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Aging and a High-Fat Diet Change the Gut Microbiome

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A new study published recently in BMC Microbiology shows that both aging and dietary fat intake both can change the delicate balance of bacteria in the gut for the worse.

The gut microbiome

The microbiome describes the varied community of bacteria, archaea, eukarya, and viruses that inhabit our gut. The four bacterial phyla of Firmicutes, Bacteroidetes, Proteobacteria, and Actinobacteria comprise 98% of the intestinal microbiome.

The microbiome is a complex ecosystem that regulates various aspects of gut function along with the immune system, the nutrient supply, and metabolism. It also helps to control the growth of pathogenic bacteria, protects from invasive microorganisms, and maintains the intestinal barrier. Essentially, the microbiome exists in a delicate balance, and if that balance is disturbed, it can lead to a decline of health and the development of disease.

As we age, the composition and diversity of the microbiome changes, as the beneficial bacteria populations tend to decline and populations of harmful bacteria typically increase in numbers. One emerging hypothesis is that these changes to the gut microbiome lead to detrimental changes elsewhere in the body and could potentially be the origin point of inflammaging, the chronic low-grade smoldering background of inflammation typically observed in older people.

Dietary fat and aging change the microbiome for the worst

The results of the new study show how age and dietary fat intake have very powerful influences over the microbiome and can cause significant changes to occur [1]. The researchers studied these changes in C57BL/6 (Black 6) mice, the most commonly used lab mice in the world. This particular strain of mouse is really an ideal rodent model for studying aging, as it ages in much the same way we do – which can help translate research to us.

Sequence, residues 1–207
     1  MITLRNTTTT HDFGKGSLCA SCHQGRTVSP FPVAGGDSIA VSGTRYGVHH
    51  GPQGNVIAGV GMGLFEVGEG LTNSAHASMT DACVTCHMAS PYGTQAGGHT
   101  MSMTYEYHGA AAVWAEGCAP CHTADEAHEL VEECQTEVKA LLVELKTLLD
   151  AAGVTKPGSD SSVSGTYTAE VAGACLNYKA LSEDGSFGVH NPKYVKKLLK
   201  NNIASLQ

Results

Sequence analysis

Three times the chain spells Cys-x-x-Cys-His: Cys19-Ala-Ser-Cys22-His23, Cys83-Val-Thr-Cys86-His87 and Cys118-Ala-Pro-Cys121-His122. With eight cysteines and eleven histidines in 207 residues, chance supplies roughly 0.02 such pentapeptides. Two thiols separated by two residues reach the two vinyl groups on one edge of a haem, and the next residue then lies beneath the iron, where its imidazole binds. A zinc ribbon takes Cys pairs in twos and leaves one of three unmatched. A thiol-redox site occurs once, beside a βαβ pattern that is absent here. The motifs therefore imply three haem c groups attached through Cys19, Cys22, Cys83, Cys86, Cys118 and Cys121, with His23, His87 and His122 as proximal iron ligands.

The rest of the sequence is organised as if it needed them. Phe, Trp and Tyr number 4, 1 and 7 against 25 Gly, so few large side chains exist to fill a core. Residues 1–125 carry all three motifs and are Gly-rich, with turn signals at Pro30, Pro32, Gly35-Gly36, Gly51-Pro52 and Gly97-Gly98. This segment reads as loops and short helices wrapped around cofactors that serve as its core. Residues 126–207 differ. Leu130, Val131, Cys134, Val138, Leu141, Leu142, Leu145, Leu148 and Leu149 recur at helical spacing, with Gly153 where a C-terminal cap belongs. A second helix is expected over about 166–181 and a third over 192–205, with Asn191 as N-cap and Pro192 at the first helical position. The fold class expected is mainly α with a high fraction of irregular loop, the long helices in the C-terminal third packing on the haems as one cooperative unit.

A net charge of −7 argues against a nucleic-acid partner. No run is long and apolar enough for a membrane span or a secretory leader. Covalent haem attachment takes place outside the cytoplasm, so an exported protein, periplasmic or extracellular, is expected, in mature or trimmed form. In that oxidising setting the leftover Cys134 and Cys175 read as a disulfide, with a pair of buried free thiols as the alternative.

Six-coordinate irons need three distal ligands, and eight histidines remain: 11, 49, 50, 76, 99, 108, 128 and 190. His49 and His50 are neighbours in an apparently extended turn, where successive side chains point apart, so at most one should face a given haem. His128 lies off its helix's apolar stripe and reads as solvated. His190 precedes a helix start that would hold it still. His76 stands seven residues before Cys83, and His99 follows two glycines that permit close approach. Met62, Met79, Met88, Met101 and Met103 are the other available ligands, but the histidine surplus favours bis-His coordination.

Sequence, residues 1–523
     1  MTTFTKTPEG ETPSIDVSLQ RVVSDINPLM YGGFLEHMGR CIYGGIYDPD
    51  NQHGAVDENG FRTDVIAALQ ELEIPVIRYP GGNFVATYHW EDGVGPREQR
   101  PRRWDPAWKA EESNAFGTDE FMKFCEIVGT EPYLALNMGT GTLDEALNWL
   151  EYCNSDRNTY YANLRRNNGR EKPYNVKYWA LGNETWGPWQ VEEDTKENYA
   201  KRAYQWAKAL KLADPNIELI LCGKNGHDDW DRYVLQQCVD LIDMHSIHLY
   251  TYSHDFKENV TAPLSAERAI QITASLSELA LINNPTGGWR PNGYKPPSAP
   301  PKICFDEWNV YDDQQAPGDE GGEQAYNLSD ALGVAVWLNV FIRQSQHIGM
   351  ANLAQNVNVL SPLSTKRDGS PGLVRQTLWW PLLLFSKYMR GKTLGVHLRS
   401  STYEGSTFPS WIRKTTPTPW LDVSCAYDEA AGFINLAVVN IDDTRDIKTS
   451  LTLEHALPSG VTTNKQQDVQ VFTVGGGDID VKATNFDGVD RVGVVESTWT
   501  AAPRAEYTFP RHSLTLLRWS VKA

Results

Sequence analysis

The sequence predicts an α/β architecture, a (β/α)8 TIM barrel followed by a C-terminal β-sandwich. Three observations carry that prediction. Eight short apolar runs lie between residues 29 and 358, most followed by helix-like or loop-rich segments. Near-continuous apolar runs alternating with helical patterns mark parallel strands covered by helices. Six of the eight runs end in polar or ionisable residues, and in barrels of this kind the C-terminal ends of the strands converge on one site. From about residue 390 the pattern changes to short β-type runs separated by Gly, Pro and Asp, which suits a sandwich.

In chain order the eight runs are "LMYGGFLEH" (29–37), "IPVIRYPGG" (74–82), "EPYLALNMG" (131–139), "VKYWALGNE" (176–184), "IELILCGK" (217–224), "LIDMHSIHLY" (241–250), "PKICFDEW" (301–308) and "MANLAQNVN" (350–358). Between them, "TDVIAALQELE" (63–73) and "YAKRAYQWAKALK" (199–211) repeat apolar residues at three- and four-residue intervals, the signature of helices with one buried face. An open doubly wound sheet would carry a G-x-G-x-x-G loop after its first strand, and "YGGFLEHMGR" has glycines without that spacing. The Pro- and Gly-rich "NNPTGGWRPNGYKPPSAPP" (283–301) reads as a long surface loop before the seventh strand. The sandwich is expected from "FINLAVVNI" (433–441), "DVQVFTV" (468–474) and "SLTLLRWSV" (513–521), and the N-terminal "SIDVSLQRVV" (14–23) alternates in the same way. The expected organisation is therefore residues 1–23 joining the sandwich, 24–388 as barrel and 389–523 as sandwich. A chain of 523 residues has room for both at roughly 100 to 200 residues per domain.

The researchers demonstrated that diet plays a key role in the composition of the gut microbiome and that changes to diet can cause very rapid alterations to the populations of gut bacteria.

In mice fed a 45% high-fat diet (HFD) for a 10-20 period, they observed an increase of Actinobacteria (mostly of the Bifidobacterium genus). Previous studies have shown that Actinobacteria levels are typically higher in obese individuals and that the microbial population is generally less diverse in these obese individuals [2]. In addition to this, an HFD was closely linked with body weight and the presence of proinflammatory cytokines, chemical signals secreted by cells; TNF-a, IL-1ß, and IL-6 were all elevated in these cases.

Aging was seen to increase the numbers of the Firmicutes present in the microbiome as did the presence of pro-inflammatory cytokines, which is provoked by an HFD as well as many other potential sources. The Firmicutes Clostridia and Ruminococcaceae in particular were influenced by both aging and diet.

The phylum Bacteroidetes, the family Bacteroidaceae, and the genus Bacteroides were all observed to decrease during the aging process, and, as their numbers declined, the level of proinflammatory cytokines in the colon began to rise.

More than half of the adult population worldwide is overweight or obese, while excess adiposity has been linked to chronic low-grade inflammation, contributing to the development of chronic diseases. Recent studies have showed that diet-induced alterations to the gut microbiota composition play a pivotal role in the development of obesity. However, the cause-effect relationship between obesity and gut microbiota composition is not yet fully understood. In this study, we investigated the short-term responses of gut microbiota composition to diets with different fat contents and their associations with inflammatory biomarkers.